- For examples of work on this topic, see Aniko Bodroghkozy, Equal Time (Urbana: University of Illinois Press, 2013); Donald Bogle, Primetime Blues: African Americans on Network Television (New York: Farrar, Straus and Giroux, 2015); Deirdre Boyle, Subject to Change: Guerrilla Television Revisited (Oxford: Oxford University Press, 2009); Steven D. Classen, Watching Jim Crow: The Struggles Over Mississippi TV, 1955-1969 (Durham, NC: Duke University Press, 2004); Devorah Heitner, Black Power TV (Durham, NC: Duke University Press, 2013); Chon A. Noriega, Shot in America: Television, the State, and the Rise of Chicano Cinema (Minneapolis: University of Minnesota Press, 2000); John McMillian, Smoking Typewriters: The Sixties Underground Press and the Rise of Alternative Media in America, (Oxford: Oxford University Press, 2011). [↩]
- For example, hundreds of definitions were suggested during Day of DH 2014, hosted by Michigan State University. See “How do we define DH?” Day of DH 2014, http://dayofdh2014.matrix.msu.edu/members/. For more on the possibilities and limitations of the big-tent analogy, see Matthew Gold and Lauren Klein, “Digital Humanities: The Expanded Field,” Debates in the Digital Humanities 2016 (Minneapolis: University of Minnesota Press, 2016). For an example of the use of “big tent” in conversations around public history, see Mary Rizzo, “Jon Stewart, Public Historian,” History @ Work (blog), January 13, 2013, http://ncph.org/history-at-work/jon-stewart-public-historian. [↩]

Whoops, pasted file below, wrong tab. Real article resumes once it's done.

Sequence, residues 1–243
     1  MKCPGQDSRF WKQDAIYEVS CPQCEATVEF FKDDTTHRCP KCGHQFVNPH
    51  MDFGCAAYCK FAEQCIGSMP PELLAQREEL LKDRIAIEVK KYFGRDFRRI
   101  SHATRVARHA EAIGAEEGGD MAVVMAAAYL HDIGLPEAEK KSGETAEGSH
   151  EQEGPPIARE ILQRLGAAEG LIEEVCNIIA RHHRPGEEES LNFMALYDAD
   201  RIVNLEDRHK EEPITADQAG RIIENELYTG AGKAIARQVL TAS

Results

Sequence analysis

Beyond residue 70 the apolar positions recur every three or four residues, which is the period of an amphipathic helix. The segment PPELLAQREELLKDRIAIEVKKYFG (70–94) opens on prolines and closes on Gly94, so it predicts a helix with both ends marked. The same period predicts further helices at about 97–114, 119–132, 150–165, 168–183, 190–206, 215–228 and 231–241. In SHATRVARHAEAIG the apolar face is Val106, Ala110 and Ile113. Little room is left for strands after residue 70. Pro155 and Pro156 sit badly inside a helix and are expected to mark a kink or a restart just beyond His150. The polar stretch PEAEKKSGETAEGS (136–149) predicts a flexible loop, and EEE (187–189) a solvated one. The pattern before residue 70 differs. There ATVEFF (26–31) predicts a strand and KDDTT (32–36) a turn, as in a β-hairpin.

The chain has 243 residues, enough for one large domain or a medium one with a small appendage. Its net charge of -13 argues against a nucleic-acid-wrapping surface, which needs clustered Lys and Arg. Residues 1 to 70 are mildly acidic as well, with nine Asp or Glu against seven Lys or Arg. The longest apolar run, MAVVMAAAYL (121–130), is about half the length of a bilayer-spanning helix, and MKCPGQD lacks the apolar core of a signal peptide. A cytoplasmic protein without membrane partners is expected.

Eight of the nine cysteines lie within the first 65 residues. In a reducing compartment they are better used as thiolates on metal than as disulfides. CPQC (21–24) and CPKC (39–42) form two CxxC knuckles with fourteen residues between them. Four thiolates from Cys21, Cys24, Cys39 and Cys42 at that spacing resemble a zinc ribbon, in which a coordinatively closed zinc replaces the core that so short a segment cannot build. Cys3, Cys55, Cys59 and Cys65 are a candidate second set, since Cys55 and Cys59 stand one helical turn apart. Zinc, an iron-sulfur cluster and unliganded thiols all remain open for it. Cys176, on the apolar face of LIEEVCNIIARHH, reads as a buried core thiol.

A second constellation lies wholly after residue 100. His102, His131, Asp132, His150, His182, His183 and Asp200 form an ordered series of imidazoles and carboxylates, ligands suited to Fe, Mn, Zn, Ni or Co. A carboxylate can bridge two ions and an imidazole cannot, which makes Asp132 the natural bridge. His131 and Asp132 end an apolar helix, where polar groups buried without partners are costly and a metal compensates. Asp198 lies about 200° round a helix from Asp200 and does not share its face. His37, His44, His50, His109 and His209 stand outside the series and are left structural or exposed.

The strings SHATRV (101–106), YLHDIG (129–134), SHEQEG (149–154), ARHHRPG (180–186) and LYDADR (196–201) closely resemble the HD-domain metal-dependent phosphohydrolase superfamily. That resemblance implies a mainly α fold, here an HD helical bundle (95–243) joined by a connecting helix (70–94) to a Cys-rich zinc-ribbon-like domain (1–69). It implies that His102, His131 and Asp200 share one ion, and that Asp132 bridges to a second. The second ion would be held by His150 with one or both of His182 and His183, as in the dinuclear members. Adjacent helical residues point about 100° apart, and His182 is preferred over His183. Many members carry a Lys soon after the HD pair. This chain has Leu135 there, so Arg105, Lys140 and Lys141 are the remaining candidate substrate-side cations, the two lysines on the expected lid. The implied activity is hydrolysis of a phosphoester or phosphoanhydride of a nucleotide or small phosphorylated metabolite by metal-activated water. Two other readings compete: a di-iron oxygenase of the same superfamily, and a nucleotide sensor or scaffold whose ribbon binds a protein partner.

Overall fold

- Kathleen Fitzpatrick, “Reporting from the Digital Humanities 2010 Conference,” ProfHacker (blog), July 13, 2010, http://chronicle.com/blogs/profhacker/reporting-from-the-digital-humanities-2010-conference/25473; and Kathleen Fitzpatrick, “The Humanities, Done Digitally,” Debates in the Digital Humanities 2012 (Minneapolis: University of Minnesota Press, 2012). [↩]
- For great and unexpected examples of PH, see Mary Rizzo, “More than Fun and Games: Play, Public Humanities and Engaged Democracy,” A Future-Oriented Democratic Revival 2, no 1 (2013), http://public.imaginingamerica.org/blog/article/more-than-fun-and-games-play-public-humanities-and-engaged-democracy/. [↩]
- The fact that people identify as part of a particular scholarly community would disqualify them as a public, since, according to Michael Warner, “publics different from nations, races, professions, or any other group that, though not requiring copresence, saturate identity.” See Michael Warner, “Publics and Counterpublics (abbreviated version),” Quarterly Journal of Speech 88, no 4 (November 2002): 415. [↩]
- Steve Lubar, “Digital Public Humanities,” Keynote Lecture, New England American Studies Association, October 2012, http://stevenlubar.net/digital-humanities/387/. [↩]